Map? Schmap!

By Paul Hallett

The whole world has gone map crazy, or so it seems. Even those of us who habitually confuse longitude and latitude have turned geo gaga. Is it something in the water? In fact, the typical spatial convert is largely compos mentis: not mad about maps, so much, but rather sensibly interested in information (conveyed primarily via text, images and location) that relates to him. My own company, Schmap, is focused on the dynamic integration of information with maps...

Map view. (Click for larger image)
Consider this common scenario. I have a map and some information about places – let's say Italian restaurants - that could be shown on this map. I have an article talking about these restaurants, reviews and photos for each, plus a directory of restaurant addresses. The challenge here is that, even in this simplest of cases, there are many ways that a reader might want to browse and use this information.

Some readers will find the article interesting, yet only certain restaurants will catch the eye sufficiently for them to want to see a detailed review. Some readers are more spatially inclined – they might prefer to browse the map, spotting restaurants that merit investigation. Others would like to view pictures and only read further should one of these suggest an ambience conducive to the type of dining experience they're after.

Another class of readers is pressed for time and would like to take a quick virtual tour of ‘must visit' eateries. Still others are data-driven and would want to see the restaurants listed, perhaps in order of price or Michelin rating. Then there are those interested only in restaurants that match certain criteria, such as offering disabled access or accepting a particular credit card.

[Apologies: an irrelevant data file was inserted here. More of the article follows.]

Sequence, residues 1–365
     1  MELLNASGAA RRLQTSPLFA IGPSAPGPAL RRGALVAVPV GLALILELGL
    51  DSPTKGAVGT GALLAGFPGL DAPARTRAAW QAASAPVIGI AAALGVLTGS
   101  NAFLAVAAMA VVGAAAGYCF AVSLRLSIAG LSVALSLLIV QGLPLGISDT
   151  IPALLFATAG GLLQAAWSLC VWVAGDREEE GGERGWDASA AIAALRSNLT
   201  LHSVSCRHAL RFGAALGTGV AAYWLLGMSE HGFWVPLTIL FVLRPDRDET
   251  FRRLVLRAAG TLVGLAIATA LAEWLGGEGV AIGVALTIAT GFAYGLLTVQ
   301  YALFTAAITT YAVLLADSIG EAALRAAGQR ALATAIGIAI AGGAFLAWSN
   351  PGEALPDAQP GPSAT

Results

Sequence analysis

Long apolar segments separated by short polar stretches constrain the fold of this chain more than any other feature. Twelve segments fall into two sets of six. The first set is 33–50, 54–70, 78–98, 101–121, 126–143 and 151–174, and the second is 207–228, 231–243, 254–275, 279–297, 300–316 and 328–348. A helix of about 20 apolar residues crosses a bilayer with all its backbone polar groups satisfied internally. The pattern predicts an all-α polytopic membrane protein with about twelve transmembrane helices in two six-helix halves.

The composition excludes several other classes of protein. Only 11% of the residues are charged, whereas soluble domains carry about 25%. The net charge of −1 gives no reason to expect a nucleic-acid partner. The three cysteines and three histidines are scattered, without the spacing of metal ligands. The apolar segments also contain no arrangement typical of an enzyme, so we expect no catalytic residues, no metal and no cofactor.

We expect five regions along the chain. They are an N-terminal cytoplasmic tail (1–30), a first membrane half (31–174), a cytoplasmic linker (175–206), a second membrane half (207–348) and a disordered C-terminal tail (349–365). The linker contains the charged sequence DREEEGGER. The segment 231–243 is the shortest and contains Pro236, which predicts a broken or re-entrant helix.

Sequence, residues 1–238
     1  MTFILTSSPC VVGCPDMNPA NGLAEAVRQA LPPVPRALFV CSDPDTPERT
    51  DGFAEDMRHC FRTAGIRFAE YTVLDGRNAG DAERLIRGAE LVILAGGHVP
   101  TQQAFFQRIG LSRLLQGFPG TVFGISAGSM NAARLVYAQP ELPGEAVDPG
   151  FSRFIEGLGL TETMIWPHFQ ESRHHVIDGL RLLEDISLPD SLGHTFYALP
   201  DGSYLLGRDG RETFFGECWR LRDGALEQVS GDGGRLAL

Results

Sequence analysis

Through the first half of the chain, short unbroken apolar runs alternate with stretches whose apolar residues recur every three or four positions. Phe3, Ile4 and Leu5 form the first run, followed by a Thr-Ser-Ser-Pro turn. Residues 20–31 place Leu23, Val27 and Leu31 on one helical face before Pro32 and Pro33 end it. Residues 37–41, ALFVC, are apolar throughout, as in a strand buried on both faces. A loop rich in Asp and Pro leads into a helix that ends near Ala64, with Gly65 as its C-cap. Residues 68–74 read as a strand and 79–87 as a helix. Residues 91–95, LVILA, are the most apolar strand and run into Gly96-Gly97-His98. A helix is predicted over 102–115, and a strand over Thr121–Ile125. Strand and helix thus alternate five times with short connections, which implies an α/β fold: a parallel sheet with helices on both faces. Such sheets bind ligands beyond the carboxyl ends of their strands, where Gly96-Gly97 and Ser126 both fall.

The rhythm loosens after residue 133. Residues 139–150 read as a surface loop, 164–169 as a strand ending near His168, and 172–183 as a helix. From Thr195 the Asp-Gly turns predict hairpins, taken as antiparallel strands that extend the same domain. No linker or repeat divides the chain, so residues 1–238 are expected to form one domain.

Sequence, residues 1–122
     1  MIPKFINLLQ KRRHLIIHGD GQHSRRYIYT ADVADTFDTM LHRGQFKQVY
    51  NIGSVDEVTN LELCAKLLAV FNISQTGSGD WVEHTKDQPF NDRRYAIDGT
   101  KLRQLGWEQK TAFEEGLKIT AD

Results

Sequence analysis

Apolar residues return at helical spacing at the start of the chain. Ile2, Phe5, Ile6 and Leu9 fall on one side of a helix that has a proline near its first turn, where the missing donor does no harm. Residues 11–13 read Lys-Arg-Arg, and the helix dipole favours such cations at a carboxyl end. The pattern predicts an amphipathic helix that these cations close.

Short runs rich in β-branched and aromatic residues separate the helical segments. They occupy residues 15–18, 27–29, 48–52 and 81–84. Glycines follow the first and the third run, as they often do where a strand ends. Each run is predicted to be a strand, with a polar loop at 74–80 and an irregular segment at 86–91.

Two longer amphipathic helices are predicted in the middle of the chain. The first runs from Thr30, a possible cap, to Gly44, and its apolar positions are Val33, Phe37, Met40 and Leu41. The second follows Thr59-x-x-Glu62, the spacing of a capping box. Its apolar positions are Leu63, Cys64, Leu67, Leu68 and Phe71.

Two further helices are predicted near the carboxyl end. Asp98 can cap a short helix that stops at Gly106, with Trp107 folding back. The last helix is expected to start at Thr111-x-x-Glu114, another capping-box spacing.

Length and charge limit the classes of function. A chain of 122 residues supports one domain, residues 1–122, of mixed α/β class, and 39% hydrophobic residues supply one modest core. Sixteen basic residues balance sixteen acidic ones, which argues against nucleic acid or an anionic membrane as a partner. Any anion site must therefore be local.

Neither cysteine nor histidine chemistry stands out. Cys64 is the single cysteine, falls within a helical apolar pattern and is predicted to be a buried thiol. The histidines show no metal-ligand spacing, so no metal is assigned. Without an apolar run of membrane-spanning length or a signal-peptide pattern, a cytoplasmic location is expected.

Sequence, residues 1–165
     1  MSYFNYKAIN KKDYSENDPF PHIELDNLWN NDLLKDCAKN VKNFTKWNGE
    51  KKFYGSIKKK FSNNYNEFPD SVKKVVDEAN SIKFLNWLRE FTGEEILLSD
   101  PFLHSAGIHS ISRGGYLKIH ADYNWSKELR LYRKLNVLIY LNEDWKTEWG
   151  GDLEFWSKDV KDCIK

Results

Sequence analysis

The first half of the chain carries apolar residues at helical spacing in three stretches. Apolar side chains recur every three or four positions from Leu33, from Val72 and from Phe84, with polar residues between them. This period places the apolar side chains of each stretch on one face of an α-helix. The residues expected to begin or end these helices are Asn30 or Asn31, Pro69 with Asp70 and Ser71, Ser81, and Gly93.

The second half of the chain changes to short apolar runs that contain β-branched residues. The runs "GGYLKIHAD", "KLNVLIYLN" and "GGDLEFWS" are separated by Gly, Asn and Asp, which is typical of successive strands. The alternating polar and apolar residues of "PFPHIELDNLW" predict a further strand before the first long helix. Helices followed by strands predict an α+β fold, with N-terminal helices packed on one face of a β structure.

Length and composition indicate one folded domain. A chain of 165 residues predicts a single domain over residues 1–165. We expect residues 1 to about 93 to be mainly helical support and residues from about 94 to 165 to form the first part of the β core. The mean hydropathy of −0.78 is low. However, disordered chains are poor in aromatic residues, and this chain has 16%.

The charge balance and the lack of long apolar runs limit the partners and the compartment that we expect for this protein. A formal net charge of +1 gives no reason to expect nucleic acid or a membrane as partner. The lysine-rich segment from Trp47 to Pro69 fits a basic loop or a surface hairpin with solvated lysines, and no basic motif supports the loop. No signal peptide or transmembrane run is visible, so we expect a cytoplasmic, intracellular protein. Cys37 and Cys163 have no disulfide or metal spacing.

One reader wants to email restaurant details to a friend; another needs driving directions; a helpful type wants to tell the writer he's made a mistake; a fourth wants to bookmark several restaurants for later reference. Another reader wants to print reviews and a map for a handful of restaurants in his neighborhood; an inquisitive one wants to research further (see what the dining public has to say on a website, perhaps); another wants to copy the addresses of three restaurants to her PDA. One hungry reader simply wants to head straight to the closest bistro and chow on down.

Directory view. (Click for larger image)
And so it goes on: one simple set of data, with countless ways to browse and use it. How to manage and present this information in a fashion that pleases all these folks is a basic question that drove much of the development behind Schmap (as in ‘map, schmap' or ‘any schmuck can schmap').

Our first stab at integration is called the Schmap Player. The basic concept is a small desktop app, one that stores map data client-side and uses the client processor to maximize performance. Specifically, we make the maps ‘light' (using a vector format developed for this purpose), so that a whole city can be comfortably cached in RAM, instantly viewable at any level of detail. Together with the client-side caching and indexing of images, text and addresses, this allows us not only to integrate data (as a website might do), but to mesh it dynamically in a variety of ways…